'You Ought to Go Home': An F-22 Raptor Flew Under Iran's F-4 Phantom Undetected

November 23, 2023 Topic: military Region: Middle East Blog Brand: The Buzz Tags: F-22F-35F-4 PhantomIranMiddle EastF-22 Raptor

'You Ought to Go Home': An F-22 Raptor Flew Under Iran's F-4 Phantom Undetected

The F-22 Raptor is the most expensive fighter ever built, and we would be disappointed if it couldn't have conducted such an operation.

A widely repeated story that continues to make the rounds online tells how a decade ago, a pair of Iranian Air Force F-4 Phantom IIs – fighters that had been in service since the 1960s – were deployed to intercept a U.S. Air Force MQ-1 Predator drone and then taken by surprise by an F-22 Raptor.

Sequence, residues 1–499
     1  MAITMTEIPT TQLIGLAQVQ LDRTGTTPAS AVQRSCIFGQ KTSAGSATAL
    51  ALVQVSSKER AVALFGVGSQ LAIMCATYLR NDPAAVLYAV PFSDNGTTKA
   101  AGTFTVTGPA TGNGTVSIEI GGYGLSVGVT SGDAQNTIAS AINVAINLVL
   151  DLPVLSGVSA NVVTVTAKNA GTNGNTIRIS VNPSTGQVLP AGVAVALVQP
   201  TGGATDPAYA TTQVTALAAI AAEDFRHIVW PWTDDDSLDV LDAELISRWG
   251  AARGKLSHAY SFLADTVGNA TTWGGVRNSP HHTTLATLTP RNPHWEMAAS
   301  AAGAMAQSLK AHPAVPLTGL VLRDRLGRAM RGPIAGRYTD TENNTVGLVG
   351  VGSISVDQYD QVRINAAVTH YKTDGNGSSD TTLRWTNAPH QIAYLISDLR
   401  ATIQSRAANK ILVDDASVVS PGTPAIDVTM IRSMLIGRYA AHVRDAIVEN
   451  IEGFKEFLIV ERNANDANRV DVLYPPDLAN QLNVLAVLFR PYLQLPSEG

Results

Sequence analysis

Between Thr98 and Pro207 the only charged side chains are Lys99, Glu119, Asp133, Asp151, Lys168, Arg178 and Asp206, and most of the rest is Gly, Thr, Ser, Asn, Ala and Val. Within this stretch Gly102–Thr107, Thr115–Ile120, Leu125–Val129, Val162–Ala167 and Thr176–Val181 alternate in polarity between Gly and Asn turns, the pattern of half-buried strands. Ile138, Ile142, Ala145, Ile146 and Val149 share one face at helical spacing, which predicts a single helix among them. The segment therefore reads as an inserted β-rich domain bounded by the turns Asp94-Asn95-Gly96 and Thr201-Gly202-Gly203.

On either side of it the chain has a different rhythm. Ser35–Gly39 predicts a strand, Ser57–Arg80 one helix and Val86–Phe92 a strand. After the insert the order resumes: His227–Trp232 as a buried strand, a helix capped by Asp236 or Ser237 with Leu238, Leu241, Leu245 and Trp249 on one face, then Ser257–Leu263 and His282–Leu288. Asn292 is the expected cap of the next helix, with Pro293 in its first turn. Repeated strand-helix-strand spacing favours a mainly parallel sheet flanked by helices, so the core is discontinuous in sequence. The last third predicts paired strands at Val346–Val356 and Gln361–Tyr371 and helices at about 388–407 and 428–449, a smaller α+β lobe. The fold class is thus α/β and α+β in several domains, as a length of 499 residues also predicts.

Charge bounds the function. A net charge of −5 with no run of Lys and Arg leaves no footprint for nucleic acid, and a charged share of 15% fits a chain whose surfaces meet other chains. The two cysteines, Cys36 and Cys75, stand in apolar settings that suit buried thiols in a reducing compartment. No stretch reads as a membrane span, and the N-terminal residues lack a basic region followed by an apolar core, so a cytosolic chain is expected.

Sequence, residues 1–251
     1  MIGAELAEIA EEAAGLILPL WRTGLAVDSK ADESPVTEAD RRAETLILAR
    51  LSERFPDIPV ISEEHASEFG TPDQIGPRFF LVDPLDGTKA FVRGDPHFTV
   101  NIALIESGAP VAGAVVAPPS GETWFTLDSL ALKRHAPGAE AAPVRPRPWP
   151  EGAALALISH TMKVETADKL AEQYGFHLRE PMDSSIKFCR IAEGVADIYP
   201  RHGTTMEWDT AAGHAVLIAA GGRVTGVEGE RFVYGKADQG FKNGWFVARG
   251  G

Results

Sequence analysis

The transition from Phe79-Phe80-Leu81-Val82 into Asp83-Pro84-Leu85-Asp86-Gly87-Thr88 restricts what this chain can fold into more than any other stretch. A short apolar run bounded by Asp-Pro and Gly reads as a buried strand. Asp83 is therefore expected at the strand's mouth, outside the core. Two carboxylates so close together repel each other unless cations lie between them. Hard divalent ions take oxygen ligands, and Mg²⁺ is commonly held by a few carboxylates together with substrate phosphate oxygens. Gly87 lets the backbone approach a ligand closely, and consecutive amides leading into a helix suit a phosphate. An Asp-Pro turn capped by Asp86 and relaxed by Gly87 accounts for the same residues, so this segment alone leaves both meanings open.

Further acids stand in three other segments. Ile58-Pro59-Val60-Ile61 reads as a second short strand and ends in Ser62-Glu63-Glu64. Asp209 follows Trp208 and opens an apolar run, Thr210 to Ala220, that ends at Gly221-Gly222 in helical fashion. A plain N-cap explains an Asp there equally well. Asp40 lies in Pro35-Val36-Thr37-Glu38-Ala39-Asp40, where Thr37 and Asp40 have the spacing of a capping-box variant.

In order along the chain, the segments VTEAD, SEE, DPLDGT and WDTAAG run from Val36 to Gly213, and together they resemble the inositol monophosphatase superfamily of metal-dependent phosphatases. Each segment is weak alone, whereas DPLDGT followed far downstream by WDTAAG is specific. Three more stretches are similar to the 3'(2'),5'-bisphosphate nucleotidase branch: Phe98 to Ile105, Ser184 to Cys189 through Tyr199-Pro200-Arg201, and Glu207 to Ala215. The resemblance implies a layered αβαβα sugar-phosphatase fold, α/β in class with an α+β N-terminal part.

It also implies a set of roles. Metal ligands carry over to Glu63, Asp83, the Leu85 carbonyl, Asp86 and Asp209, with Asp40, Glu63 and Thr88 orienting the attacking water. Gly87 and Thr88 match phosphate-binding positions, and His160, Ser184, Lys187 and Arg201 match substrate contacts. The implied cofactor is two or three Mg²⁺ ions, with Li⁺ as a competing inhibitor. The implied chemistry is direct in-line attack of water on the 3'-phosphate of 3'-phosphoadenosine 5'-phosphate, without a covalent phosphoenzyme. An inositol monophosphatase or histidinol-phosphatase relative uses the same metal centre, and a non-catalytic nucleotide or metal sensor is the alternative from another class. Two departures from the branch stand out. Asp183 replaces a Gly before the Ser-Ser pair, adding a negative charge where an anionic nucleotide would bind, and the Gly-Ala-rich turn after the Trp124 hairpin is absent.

The much-regaled tale is much ado about nothing, to be blunt.

The incident came after a pair of Iranian Sukhoi Su-25s had attempted to shoot down another Predator a few months earlier. The Islamic Republic's Soviet-designed fighters, which were developed for close air support and not air superiority, failed in their mission. More embarrassing for Tehran was the fact that the drone recorded the whole incident with its cameras.

Those Iranians in the F-4 Phantom IIs probably thought they'd have much better luck.

What they didn't know was that the Predator was being escorted by two F-22s. 

To say the F-4s were outclassed is an understatement – but by most accounts of this incident, the Iranians were utterly oblivious to the presence of the fifth-generation fighters. One of the Raptors even flew under the Iranian aircraft, confirmed the armament of the F-4, and then pulled up on its left wing and made its presence known, radioing to the Iranians, "you really ought to go home."